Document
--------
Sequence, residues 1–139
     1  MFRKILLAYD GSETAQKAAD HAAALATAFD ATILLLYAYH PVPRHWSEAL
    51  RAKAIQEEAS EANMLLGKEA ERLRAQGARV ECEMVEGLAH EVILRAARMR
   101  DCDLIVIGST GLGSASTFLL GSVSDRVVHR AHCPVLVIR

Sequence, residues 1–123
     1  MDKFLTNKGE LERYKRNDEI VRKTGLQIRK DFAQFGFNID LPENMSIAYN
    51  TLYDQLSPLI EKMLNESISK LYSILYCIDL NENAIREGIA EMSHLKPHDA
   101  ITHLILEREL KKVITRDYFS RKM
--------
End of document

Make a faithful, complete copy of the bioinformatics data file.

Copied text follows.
Sequence, residues 1–139
     1  MFRKILLAYD GSETAQKAAD HAAALATAFD ATILLLYAYH PVPRHWSEAL
    51  RAKAIQEEAS EANMLLGKEA ERLRAQGARV ECEMVEGLAH EVILRAARMR
   101  DCDLIVIGST GLGSASTFLL GSVSDRVVHR AHCPVLVIR

Sequence, residues 1–123
     1  MDKFLTNKGE LERYKRNDEI VRKTGLQIRK DFAQFGFNID LPENMSIAYN
    51  TLYDQLSPLI EKMLNESISK LYSILYCIDL NENAIREGIA EMSHLKPHDA
   101  ITHLILEREL KKVITRDYFS RKM